Less than a year later, she moved to what was then called Firstbrook & Cassie, but two years after that she faced a moment of truth. “I had been admitted to law school, and if I did that, I couldn’t stay on in insurance,” she says. “So I had to ask myself, ‘Is this really what I want to do? Or do I like what I’m doing, and can I make more of it?’ So financial responsibilities ruled the day, but in the end I’m rather pleased with the way things turned out.”

Firstbrook had only 17 employees at the time (today FCA has nearly 80). Rose brokered personal lines, then moved over to commercial as a customer service rep. She was promoted to manage personal lines and then the overall operation. Eight years ago she became vice president, and for the past two years she’s been the only woman among six partners.

“People here get to do all the different jobs,” she says. “Everybody has to be prepared to do everything at any time.”

As much time as she spends at work, Rose spends nearly as much volunteering to fix national insurance issues that are worrisome to the Canadian broker community. As president of the Toronto Insurance Council in 2006 (and past president for two years after that), she lobbied the Canadian Parliament to prevent banks from selling insurance within their branches. In Canada, the legislated separation between financial pillars was established to promote economic stability and consumer protection, but not everyone agrees.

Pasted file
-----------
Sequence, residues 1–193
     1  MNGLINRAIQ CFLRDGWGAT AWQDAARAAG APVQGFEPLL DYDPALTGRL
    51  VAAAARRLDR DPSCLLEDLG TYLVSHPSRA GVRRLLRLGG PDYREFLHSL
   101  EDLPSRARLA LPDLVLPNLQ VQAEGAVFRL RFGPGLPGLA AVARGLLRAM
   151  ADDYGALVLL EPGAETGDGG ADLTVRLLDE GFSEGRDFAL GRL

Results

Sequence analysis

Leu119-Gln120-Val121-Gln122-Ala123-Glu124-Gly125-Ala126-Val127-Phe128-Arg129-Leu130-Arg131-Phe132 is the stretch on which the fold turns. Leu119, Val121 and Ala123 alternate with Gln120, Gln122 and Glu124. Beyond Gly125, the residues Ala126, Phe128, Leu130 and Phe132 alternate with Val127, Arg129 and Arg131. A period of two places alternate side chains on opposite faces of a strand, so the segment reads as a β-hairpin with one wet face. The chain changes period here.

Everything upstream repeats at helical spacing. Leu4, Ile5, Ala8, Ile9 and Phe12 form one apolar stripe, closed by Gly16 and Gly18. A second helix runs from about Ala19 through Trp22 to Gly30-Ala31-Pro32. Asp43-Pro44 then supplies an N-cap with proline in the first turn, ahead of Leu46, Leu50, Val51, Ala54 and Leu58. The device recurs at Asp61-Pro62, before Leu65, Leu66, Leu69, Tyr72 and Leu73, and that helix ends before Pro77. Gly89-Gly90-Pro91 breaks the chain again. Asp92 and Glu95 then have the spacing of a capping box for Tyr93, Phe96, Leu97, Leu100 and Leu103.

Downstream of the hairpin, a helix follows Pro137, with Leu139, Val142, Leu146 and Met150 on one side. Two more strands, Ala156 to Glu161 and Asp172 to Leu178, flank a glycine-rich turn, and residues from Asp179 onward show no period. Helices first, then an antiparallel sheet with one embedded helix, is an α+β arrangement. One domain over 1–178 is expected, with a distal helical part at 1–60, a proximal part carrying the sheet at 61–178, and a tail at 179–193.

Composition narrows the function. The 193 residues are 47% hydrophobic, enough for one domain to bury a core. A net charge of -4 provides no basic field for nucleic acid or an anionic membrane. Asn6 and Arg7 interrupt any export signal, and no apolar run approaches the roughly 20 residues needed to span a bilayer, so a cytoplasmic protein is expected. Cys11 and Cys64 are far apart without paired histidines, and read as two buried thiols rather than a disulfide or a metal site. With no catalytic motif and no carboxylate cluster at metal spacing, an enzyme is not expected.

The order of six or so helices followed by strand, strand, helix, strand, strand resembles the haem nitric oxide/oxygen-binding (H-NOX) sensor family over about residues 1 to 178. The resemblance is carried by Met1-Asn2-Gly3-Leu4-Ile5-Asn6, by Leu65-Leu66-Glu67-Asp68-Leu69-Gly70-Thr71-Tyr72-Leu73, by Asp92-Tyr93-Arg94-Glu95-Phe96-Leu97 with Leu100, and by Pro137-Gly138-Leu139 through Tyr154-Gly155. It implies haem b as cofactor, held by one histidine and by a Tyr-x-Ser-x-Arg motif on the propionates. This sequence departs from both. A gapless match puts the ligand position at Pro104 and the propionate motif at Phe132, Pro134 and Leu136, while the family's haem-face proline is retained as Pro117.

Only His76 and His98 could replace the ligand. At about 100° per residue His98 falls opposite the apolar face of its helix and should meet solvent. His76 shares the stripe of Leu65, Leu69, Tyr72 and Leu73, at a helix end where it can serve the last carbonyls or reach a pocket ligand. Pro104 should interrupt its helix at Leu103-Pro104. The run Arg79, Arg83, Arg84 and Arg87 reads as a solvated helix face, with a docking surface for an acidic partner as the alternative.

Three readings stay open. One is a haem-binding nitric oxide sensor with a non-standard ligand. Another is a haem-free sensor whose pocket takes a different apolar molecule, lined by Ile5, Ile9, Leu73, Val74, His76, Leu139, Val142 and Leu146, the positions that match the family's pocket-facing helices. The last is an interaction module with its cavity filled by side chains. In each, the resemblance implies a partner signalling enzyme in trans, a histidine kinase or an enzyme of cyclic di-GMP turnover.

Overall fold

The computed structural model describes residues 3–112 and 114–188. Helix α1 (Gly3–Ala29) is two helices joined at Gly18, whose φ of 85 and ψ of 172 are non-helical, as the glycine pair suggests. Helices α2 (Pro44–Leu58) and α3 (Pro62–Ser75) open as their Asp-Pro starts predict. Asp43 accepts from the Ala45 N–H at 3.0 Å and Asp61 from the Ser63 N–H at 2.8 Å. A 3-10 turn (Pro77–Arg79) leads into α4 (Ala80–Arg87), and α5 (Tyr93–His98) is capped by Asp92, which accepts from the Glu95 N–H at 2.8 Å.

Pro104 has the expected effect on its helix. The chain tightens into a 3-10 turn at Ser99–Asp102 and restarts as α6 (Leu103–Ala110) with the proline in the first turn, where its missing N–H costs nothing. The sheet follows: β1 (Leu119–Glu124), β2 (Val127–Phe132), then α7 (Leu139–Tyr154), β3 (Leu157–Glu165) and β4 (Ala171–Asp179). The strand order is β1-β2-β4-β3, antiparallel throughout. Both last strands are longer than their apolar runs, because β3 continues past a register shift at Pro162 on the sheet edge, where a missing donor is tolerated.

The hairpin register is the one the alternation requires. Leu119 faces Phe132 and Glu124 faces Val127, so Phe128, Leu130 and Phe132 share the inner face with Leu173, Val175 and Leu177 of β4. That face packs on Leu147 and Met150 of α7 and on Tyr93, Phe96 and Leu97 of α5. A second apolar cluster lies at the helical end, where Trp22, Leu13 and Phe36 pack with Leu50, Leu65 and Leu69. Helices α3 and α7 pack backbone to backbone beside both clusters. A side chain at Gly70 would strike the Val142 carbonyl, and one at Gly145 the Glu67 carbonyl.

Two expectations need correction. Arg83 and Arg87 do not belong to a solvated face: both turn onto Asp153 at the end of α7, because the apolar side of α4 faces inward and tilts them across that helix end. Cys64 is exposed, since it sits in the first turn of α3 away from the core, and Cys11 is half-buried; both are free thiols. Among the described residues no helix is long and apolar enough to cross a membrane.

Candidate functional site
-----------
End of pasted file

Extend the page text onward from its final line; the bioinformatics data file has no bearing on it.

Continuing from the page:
The Canadian Bank Act stipulates that banking and insurance must be separate businesses, but for brokers, the competition with banks is an ongoing fight. Some banks sell insurance from adjacent storefronts that are not technically within their branches. Others have been known to disregard the rules altogether. The fight has now gone virtual, with banks trying to ignore the required separation for online business. The Canadian government has made clear that insurance and banking are to be separate, wherever it is conducted. The Bank Act is reconsidered every five years and is up for review next year.

“The banks’ lobbying efforts are continuous even between reviews,” Rose says, “so ours must be as well.”

Technology Buff
Rose is one of two volunteer Technology Champions at the Insurance Brokers Association of Canada (the word champion here meaning advocate). David Gambrill, editor of Canadian Underwriter, explains that much of this work is an effort to have a single-entry, multiple-company interface in Canada.

What the Canadian brokers want to see is technology the United States currently has. Canadian brokers now have to re-enter information several times into their computers for every carrier to which they send a submission. The LexisNexis Insurance Exchange has been providing upgraded capability for commercial insurance in the United States for more than six months, managing thousands of submissions between brokers and carriers.

“Brenda completely understands the vision of the LexisNexis Insurance Exchange and its value for the insurance industry,” says Frank Sentner, vice president of business development at The Insurance Exchange Trust and director of strategic technology at The Council. “I am sure that, when LexisNexis is ready to expand into Canada, Brenda will be one of the first to implement the platform.”

Although more effective technical communication is crucial, Rose says, it’s a conversation that the industry has long delayed. In a business that’s all about relationships, she says, “Tech keeps morphing, and it’s not always the most comfortable subject for some of us. People tend to shy away from addressing it, and we can’t afford to do that anymore.”